“Finally, the ringing in my ears stopped.”
Quick Tinnitus Test
- Do you hear a ringing, roaring, clicking or hissing sound in your ears?
- Do you hear this often or all the time?
- Does the sound bother you a lot?
If you answered yes to any of these questions, you may have tinnitus (tin-NY-tus), and you should talk to your audiologist. Tinnitus therapy was designed to quiet the noise in your ears and may be right for you.
To find out more about Tinnitus, read:
What Causes Tinnitus?
Roughly 25 million Americans have experience tinnitus, a symptom associated with many forms of hearing problems. (It can also be a symptom of other health problems.)
Tinnitus is typically caused by:
- Hearing Loss—Most people who have tinnitus also have some kind of hearing loss.
- Loud Noise—Exposure to loud noise can cause permanent hearing loss and tinnitus. Continued exposure can make the tinnitus and hearing loss become worse.
- Medication—More than 200 medicines, including aspirin, can cause tinnitus. If you have tinnitus and you take medicine, ask your doctor or pharmacist whether your medicine could be the cause.
- Other potential causes. Allergies, tumors, problems in the heart and blood vessels, jaw and neck can cause tinnitus.
What Should I do if I Have Tinnitus?
The first step is to call and schedule a visit with one of our audiologists for an evaluation. A careful history and audiometric testing will determine the most likely causes and best treatment for your tinnitus. You may be referred to an ear, nose and throat (ENT) doctor to complete the diagnosis.
Types of Tinnitus Treatments
In partnership with specialists who may be needed to treat your tinnitus, our evaluations will help you decide which is the right treatment option:
- Hearing Aids—Hearing aids create a dual benefit of enhancing hearing and masking or covering up the tinnitus. The majority of patients with tinnitus receive partial or complete relief from their tinnitus with the use of hearing aids.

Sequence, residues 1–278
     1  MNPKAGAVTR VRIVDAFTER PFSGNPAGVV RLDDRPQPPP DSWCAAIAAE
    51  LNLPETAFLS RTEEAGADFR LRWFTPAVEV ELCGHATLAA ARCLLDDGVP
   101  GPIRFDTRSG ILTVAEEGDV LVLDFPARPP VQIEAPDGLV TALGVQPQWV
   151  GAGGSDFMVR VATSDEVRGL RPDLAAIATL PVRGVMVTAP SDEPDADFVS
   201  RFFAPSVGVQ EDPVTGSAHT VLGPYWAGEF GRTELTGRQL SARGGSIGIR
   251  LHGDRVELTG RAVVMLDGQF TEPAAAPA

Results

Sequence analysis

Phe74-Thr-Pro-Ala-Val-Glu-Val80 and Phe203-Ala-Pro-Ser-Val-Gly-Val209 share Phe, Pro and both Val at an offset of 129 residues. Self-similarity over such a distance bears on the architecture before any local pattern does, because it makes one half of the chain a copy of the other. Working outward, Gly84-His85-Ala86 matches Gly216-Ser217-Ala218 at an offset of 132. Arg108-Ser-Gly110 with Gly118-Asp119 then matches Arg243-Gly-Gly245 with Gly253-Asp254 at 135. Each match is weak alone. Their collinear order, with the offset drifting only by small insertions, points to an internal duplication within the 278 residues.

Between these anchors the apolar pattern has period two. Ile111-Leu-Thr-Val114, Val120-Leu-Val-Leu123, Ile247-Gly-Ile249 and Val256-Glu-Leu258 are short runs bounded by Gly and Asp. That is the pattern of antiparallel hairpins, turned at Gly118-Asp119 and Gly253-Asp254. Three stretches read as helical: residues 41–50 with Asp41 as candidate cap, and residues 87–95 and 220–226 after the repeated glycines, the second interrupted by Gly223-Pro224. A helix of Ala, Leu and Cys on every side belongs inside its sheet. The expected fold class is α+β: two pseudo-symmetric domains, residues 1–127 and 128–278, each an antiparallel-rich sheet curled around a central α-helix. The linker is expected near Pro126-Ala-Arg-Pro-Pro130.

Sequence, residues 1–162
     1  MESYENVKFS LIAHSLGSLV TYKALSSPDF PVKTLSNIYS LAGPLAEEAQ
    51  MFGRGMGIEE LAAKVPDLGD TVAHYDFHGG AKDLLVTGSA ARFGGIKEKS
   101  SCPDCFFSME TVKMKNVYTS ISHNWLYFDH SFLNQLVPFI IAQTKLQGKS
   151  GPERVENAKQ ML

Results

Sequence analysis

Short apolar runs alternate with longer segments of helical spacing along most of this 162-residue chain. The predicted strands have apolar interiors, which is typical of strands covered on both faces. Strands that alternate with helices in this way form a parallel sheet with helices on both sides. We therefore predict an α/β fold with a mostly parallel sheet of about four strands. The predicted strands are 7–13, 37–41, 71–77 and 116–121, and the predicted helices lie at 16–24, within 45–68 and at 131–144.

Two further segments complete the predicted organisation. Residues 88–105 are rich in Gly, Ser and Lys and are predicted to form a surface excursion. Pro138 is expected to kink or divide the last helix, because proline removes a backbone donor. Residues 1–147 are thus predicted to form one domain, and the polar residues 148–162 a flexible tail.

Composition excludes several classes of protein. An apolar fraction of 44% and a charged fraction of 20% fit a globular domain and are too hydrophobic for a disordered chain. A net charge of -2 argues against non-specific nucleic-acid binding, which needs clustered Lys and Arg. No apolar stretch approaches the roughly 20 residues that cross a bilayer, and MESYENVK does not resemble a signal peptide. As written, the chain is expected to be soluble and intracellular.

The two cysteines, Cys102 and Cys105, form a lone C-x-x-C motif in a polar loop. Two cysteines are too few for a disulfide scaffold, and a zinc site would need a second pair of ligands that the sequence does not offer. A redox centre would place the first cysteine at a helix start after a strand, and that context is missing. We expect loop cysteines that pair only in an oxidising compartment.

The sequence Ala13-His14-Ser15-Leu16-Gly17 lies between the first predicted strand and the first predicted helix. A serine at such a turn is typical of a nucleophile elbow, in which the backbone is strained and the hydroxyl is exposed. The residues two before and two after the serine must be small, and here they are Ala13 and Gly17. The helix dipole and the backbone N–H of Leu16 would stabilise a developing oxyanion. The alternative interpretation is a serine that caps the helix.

- Maskers—Tinnitus maskers are small electronic devices that look like hearing aids and are tuned to generate sound that masks or covers up the tinnitus.
- Drug Therapy—Certain medicines may provide some relief from tinnitus. Nutritional supplements may also provide additional relief.
- Allergy Treatment—Allergies can exacerbate tinnitus. If you test positive for allergies, treatment can have the dual effect of reducing the ringing in your ears and giving you a big boost in energy.
What Can I Do to Help Myself?
Avoid anything that can make your tinnitus worse, such as smoking, alcohol and loud noise. If you are a construction worker, an airport worker, a hunter, or if you are regularly exposed to loud noise at home or at work, wear ear plugs or special earmuffs to protect your hearing and keep your tinnitus from getting worse.
If it is hard for you to hear over your tinnitus, ask your friends and family to face you when they talk so you can see their faces. Seeing their expressions may help you understand them better. Ask people to speak louder but not shout. Also, tell them they do not have to talk slowly, just more clearly.
Tinnitus therapy works, and we urge you to talk to a professional audiologist.
The first step is to schedule an appointment to have your tinnitus evaluated. There may be other medical issues behind the tinnitus, and it is important to rule out anything else that may affect your overall health.
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“The audiologist communicated very well — listening and explaining. She is very skilled at programming my old hearing aids and adjusting them to my needs. I am grateful!”